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Hope for Alzheimer's
It effects virtually everyone, either through a loved one, a friend, or our older selves.  Alzheimer's is the biggest area of unmet need in medicine, and the focus of intense research in Cleveland.

Right now, hundreds of clinical trials are underway testing every potential treatment for Alzheimer’s disease.  Few, if any, will be successful.  Still, researchers at Case Western Reserve University are hopeful that, despite a field littered with failed attempts, their approach will combat the incurable disease. In this week’s Exploradio, we meet a team on the frontlines in the fight against Alzheimer’s.
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Quantum philosophy
The rules governing the universe become increasingly mysterious the smaller you look.  Quantum theory holds some, but not all the answers.

There’s more to matter than the protons and electrons we learned in high school.  Scientists have discovered a whole menagerie of subatomic particles that behave in mysterious ways, following their own set of rules called quantum mechanics.  In this week’s Exploradio we dive into the deep world of the very small with Kent State University physics professor Peter Tandy.
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A start-up's steep climb
The rocky road from lab bench to factory floor is littered with could-have-beens, but that's not stopping one Akron start-up

New products usually have three phases on the way to commercial use. First is discovery, then the steep learning curve to pilot production, and finally the jump to full-scale production.

In this week’s Exploradio, we look at some of the challenges of taking an idea from the lab bench to the factory floor.
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Orchid obsessions
No other plant has captured the human imagination like the orchid.  People have created a quarter-million varieties, but the hunger for more is insatiable.

They’re the most diverse group of flowers on earth, and among the  most popular -  more orchids are sold in the U.S. than any potted plant. But for a certain few, orchids are more than a hobby, they’re an obsession.  And as with any obsession, there are risks.  In this week’s Exploradio -   the art, science, and maddening allure of orchids.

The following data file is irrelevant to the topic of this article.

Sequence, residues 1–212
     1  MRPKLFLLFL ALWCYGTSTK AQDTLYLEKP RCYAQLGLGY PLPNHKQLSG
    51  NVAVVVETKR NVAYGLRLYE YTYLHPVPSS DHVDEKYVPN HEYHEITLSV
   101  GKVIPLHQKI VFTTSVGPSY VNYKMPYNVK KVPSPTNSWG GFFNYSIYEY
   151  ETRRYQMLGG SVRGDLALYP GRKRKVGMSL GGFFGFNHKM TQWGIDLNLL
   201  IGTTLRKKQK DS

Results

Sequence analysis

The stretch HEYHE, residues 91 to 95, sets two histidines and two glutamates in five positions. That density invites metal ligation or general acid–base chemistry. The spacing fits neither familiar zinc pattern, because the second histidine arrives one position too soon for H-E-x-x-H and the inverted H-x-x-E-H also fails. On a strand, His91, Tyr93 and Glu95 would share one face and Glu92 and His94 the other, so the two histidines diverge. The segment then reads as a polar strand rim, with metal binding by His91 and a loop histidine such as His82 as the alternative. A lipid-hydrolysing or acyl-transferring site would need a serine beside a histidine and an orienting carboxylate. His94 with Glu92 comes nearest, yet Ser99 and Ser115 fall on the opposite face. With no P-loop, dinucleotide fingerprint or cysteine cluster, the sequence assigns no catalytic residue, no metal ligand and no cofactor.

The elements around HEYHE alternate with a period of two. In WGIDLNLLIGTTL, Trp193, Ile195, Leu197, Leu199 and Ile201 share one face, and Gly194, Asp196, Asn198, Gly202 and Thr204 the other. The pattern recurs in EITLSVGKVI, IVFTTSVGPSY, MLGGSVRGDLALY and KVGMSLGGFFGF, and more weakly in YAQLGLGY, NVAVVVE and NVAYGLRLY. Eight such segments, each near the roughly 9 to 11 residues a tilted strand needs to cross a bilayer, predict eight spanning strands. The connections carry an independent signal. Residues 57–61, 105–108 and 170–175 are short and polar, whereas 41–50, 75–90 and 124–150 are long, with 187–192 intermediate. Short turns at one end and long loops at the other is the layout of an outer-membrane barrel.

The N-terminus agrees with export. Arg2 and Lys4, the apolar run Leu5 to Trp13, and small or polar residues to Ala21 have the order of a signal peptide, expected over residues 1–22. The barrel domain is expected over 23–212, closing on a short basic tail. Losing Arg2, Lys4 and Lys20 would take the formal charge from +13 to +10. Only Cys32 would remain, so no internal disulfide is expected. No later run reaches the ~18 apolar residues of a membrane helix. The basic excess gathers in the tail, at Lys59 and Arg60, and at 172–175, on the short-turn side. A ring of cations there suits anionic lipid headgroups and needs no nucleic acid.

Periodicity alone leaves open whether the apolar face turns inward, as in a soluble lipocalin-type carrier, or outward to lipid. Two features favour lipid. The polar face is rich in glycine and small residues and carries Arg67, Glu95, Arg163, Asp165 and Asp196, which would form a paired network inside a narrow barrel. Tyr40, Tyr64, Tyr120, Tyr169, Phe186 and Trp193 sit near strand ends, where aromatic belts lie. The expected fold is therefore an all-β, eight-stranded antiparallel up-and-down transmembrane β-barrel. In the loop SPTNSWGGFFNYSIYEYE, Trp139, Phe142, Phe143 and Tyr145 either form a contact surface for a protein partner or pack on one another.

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Outwitting ice
A technology invented to prevent icing on airplanes is being adapted to the international wind industry

A small Northeast Ohio company is a world leader in developing a deicing technology for wind turbines.  But it didn’t happen overnight. In this week’s Exploradio, we look at how innovation is equal parts dogged determination and just winging it.
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How to change the light bulb
After 100 years, the world of light bulbs is undergoing a rapid transformation from incandescent to halogen, compact flourescent, and LED.

How many engineers does it take to change a light bulb?  Five. But it took an act of Congress to make it practical.  In this week’s Exploradio we meet a small group of engineers at GE’s East Cleveland lighting headquarters who are changing the light bulb as we know it.
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The march of the bat killer
A quiet killer is stalking bats in Ohio.  Biologists are in a race against time in the fight against white nose syndrome.

Wildlife biologists in Ohio are poking around caves and abandoned mines this month to count hibernating bats.  A recent national bat conference detailed the spread of a killer disease wiping out bats in the Northeast saying nearly 7 million animals have died from white nose syndrome.  In this week’s Exporadio we speak with Ann Froschauer from the U.S. Fish & Wildlife Service.  She’s on the front-lines of the battle for the bats.
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The other side of evolution
Darwin's theory says mutations drive evolution.  The new science of epigenetics describes other mechanisms for change that don't involve DNA.

Darwin expounded on natural selection as the basis of evolution back in the 1850’s.  One hundred years later, Watson and Crick introduced the DNA molecule, and a mechanism for evolutionary change. Another 50 years, and the Human Genome Project sequenced human DNA with its 25,000 genes. Now a new chapter is opeing in our understanding of how we get to be who we are. It’s called epigenetics. In this week’s Exploradio, we look at how epigenetics is providing insight into cancer research in Cleveland.